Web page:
The College Puzzle Blog
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Dr. Michael W. Kirst

Michael W. Kirst is Professor Emeritus of Education and Business Administration at Stanford University since 1969.
Dr. Kirst received his Ph.D. in political economy and government from Harvard. Before joining the Stanford University faculty, Dr. Kirst held several positions with the federal government, including Staff Director of the U.S. Senate Subcommittee on Manpower, Employment and Poverty. He was a former president of the California State Board of Education. His book From High School to College with Andrea Venezia was published by Jossey Bass in 2004.

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My blog discusses the important and complex subjects of college completion, college success, student risk factors (for failing), college readiness, and academic preparation. I will explore the pieces of the college puzzle that heavily influence, if not determine, college success rates.

College Costs and Spending Hinder Student Success: :Guest blogger Pat Callan

Looking Under the Hood of Public Higher Ed
By Patrick M. Callan

Last week, the College Board released its annual Trends in College
Pricing report, finding that tuition at the nation's public four-year
colleges and universities had risen 6.6 percent, which is roughly
equivalent to previous years but continues to far outstrip inflation and
increases in family income.

Media coverage of college affordability almost invariably takes its cues
from this report, focusing on the "sticker price" that colleges and
universities charge students. But tuition alone is a relatively
superficial measure that hides as much as it reveals, since it responds
to changes in state allocations, political factors and fund raising

What has gone mostly undiscussed is escalating spending on college
campuses across the country. A public discussion focused on tuition -
the price of the education - gives institutions a free pass on how they
spend the money they raise. Furthermore, this discussion reinforces the
assumption that spending increases follow some sort of natural
progression. But this is not the case. Spending can and must be
contained if the price of college is to be brought under control.

This message is falling on deaf ears today in part because last year was
a good state appropriations year for colleges and universities. But even
in bad years, public institutions are raising spending. Today, higher
education is a "seller's market." Demand for college has never been
higher, and families are willing to take on dangerous amounts of debt to
get their children through.

However, the willingness of families to reach deeper into their pockets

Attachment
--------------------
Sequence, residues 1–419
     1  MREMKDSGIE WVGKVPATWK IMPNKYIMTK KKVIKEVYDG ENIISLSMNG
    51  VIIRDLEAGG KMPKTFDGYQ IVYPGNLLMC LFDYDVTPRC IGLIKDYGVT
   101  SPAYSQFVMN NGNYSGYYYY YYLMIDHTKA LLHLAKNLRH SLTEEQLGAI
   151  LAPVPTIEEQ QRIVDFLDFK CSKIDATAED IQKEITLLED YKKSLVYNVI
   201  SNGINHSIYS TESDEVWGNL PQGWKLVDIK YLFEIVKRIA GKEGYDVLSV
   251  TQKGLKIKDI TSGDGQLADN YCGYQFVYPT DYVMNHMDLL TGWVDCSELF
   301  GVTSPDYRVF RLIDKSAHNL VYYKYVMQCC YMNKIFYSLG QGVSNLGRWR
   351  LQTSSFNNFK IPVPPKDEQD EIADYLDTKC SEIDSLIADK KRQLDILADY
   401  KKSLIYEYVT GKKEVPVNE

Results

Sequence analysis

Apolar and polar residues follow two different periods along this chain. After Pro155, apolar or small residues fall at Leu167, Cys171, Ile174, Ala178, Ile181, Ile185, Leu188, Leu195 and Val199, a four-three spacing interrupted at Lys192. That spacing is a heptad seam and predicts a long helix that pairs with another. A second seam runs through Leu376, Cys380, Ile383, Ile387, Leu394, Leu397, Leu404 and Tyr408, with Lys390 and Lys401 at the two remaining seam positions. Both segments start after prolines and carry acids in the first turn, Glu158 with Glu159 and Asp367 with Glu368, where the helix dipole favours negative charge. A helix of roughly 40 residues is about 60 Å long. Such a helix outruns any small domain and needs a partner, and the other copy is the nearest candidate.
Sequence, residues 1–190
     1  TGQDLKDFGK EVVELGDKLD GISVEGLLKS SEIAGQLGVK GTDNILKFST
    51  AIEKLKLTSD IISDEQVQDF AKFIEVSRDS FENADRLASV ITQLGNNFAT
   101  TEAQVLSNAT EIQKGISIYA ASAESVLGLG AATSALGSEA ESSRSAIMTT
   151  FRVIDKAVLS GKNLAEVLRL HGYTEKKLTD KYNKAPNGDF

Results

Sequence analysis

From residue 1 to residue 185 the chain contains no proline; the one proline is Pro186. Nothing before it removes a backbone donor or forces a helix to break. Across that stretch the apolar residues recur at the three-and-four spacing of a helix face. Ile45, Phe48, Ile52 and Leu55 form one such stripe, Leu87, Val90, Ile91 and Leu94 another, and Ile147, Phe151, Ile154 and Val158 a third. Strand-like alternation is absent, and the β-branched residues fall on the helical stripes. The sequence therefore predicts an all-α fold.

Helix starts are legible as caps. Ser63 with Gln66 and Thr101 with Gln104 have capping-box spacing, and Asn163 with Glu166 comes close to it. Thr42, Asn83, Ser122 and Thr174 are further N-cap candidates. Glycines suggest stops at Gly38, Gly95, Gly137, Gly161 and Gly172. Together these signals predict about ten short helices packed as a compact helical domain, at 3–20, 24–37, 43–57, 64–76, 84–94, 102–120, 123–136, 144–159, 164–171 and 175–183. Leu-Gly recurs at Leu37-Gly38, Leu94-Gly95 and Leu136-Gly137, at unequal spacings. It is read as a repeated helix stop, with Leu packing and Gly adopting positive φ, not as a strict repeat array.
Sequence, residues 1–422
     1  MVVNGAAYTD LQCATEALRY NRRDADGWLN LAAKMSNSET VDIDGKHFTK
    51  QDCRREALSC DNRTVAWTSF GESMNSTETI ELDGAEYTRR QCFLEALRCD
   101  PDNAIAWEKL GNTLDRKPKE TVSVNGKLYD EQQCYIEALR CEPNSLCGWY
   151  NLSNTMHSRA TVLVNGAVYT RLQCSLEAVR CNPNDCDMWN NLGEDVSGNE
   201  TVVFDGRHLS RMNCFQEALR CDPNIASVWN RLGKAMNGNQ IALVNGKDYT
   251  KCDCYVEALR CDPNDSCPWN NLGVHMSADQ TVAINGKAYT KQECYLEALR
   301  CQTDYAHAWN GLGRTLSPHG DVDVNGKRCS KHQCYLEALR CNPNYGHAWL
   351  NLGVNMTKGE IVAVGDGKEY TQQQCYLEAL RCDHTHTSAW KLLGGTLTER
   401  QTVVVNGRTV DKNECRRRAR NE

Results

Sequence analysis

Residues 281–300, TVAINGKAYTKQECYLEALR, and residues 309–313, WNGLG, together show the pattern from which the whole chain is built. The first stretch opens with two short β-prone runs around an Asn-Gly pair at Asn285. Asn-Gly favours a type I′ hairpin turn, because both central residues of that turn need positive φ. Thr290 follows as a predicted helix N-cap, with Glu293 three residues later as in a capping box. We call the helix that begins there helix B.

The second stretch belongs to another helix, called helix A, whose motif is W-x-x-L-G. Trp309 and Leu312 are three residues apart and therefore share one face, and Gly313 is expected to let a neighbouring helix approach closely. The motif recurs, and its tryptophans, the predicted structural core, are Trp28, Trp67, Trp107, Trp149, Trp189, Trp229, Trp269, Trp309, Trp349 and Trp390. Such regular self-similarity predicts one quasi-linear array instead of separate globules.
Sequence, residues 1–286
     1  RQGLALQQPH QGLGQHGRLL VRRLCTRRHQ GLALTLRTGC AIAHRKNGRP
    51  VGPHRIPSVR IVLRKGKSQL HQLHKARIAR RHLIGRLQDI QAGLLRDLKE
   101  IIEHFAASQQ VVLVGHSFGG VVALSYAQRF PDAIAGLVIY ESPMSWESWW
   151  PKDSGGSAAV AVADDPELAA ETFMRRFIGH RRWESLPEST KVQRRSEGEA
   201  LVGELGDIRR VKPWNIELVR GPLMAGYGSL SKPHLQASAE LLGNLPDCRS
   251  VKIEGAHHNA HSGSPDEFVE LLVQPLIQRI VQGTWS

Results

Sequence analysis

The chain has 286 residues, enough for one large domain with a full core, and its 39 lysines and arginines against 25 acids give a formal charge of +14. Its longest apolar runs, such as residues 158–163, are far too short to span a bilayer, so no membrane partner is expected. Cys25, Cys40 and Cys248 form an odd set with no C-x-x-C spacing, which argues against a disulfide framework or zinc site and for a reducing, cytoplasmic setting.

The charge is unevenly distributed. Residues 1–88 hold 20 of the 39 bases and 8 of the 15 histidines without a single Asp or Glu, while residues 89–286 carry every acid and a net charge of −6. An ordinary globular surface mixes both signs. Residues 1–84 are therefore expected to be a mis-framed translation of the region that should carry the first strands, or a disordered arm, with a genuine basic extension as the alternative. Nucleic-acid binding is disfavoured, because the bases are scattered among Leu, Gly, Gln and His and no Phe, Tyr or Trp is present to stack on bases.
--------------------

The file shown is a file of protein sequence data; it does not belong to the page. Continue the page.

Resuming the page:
is reaching a breaking point. Recent polling by my organization, the
National Center for Public Policy and Higher Education, and Public
Agenda shows that the public is concerned about how colleges and
universities spend their money. Most Americans (83 percent) believe that
today's colleges should be doing a much better job of keeping their
costs down. More than two out of three (68 percent) believe that
colleges and universities could reduce their costs without hurting the
quality of the institutions.

The American public is onto something. But many institutional leaders
have not been willing to look under the hood of higher education
expenditures. Typically, leaders have used a range of excuses to deflect
questions about spending. Some common excuses, and my responses to them,

Increases in tuition reflect the high demand for postsecondary education
and financial aid keeps the net cost to families under control. Public
college and university leaders think there is no crisis in higher
education so long as there are students and families willing to pay. But
tuitions at four-year public institutions have risen 22 percent in the
past five years, after adjusting for inflation, while family incomes
have increased only 8 percent. What's more, need-based financial aid is
not keeping up with increases in tuition, pricing many poor families out
of higher education. Continual price hikes may respond to market forces,
but do not honor the public mission of state colleges and universities.

Higher education is a labor-intensive industry and faculty salaries and
health care costs are behind most of the recent run-up in spending.
Because institutions use humans to pass on knowledge, historically a
greater proportion of their budgets have gone to salaries and benefits
than in other industries. But this is not where most of the spending
growth is occurring. Faculty salaries have barely kept up with inflation
for the past 10 years. Last year, faculty salaries rose on average 1.3
percent after adjusting for inflation - the first inflation-adjusted
increase since 2003-2004. In addition, the use of cheaper part-time
faculty is growing fast, now making up 48 percent of all faculty,
according to the American Association of University Professors. On the
other hand, universities are spending huge amounts of money on
construction - for new dorms, new athletic facilities, and new student
centers- as part of an "amenities arms race." And administrative
overhead at many universities has ballooned, due to an explosion in
niche student services and fund raising apparatuses. It is doubtful that